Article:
Mariachi: saviour of the American music curriculum?
With music education facing extinction in UK schools and budget cuts leading one prominent musician to proclaim the situation ‘child abuse’, at least it’s good to know that some of our friends across the pond are getting it right, at least in one major city. Chicago schools are generating high levels of student engagement through allowing them to form their own mariachi bands. Trump is making ominous calls for big cuts to the arts and humanities in the U.S, too, and Mariachi could represent a cheap and cheerful grass-roots antidote to all the belt-tightening.
32% of the population of Chicago is Hispanic, and the majority of those are of Mexican origin. Teaching mariachi helps reconnect them with their roots and nurture self-esteem. Acousticguitar.com quotes an area music shop owner who supplies schools with instruments as saying that Spanish guitars and other Mariachi-related instruments are flying off the shelves. He adds, ‘Kids are excited about going to school; graduation rates are going up. Parents are more involved, the community is involved. Mariachi instils a sense of pride.”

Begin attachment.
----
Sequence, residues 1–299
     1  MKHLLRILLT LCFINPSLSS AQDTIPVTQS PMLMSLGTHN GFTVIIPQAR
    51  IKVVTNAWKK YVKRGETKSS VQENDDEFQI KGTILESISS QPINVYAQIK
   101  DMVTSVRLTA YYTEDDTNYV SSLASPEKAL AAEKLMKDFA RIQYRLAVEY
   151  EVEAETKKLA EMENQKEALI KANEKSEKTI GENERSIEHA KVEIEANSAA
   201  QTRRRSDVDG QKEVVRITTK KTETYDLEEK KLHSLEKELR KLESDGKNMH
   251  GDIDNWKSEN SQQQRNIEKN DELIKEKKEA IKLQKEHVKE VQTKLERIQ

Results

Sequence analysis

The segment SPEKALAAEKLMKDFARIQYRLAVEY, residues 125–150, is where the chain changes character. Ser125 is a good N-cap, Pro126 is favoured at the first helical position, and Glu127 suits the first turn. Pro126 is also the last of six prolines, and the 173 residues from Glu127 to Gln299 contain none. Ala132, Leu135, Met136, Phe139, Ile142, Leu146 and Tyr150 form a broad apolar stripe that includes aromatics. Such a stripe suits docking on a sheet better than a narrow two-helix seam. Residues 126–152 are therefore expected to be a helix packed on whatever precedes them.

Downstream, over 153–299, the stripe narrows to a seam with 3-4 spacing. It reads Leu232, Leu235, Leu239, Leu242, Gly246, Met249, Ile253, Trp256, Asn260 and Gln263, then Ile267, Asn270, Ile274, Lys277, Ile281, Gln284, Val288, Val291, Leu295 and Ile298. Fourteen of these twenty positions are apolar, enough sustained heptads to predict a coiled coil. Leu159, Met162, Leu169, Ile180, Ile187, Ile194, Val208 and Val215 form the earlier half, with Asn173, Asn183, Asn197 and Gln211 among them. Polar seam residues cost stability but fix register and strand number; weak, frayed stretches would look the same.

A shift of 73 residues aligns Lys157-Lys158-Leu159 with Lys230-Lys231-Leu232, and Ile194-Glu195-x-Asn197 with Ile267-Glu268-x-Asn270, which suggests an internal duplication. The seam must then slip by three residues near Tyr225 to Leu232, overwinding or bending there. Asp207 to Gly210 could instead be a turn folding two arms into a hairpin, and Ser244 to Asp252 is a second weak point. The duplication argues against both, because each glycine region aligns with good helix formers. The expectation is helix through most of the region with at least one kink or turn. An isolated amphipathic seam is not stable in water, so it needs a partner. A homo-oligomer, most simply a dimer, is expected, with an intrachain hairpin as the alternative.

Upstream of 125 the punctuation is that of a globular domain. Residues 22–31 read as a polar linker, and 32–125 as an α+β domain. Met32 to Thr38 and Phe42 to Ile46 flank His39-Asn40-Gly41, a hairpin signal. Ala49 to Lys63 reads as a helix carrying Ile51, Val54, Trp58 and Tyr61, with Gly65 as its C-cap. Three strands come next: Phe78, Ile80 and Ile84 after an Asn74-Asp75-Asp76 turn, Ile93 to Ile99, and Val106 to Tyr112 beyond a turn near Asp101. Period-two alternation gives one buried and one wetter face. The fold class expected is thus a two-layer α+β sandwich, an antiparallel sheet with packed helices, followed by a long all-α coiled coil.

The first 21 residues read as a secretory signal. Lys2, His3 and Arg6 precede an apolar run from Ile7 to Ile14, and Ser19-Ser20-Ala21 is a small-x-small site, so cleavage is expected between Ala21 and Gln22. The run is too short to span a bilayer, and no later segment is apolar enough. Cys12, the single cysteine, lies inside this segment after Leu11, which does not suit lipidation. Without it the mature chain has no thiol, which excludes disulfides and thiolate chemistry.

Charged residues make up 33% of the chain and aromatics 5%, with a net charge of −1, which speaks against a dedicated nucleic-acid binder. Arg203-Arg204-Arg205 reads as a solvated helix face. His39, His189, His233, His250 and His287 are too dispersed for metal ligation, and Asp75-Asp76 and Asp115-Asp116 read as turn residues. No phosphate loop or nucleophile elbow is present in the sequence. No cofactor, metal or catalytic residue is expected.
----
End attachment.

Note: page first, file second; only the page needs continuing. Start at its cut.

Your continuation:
Launched in 2002, Chicago’s Mariachi Program provides over 5,000 students with daily mariachi instruction, which employs 30 full-time teachers. Those passionate enough about it can progress to a mariachi degree specialization at Southwestern College in Chula Vista, California. Texas State University offers a master’s degree and a minor in mariachi education. John Lopez, founder and coordinator of TSU’s Latin Music program, says “By 2013, [mariachi] had gotten so big, it justified perseverance”, adding that “Mariachi music was here before Texas became part of the United States. We didn’t cross the border, the border crossed us.”
Cesar Maldonado, who launched the Mariachi Heritage Foundation in 2012 as a means for bringing mariachi instructors and instruments into Chicago’s public schools, says “Mariachi is a connection you can’t get anywhere else … we want students to feel good about themselves. When they feel good, when they have pride and self-esteem, they learn. Discipline is everything in mariachi. We treat the kids like pros. They know they get what they earn.”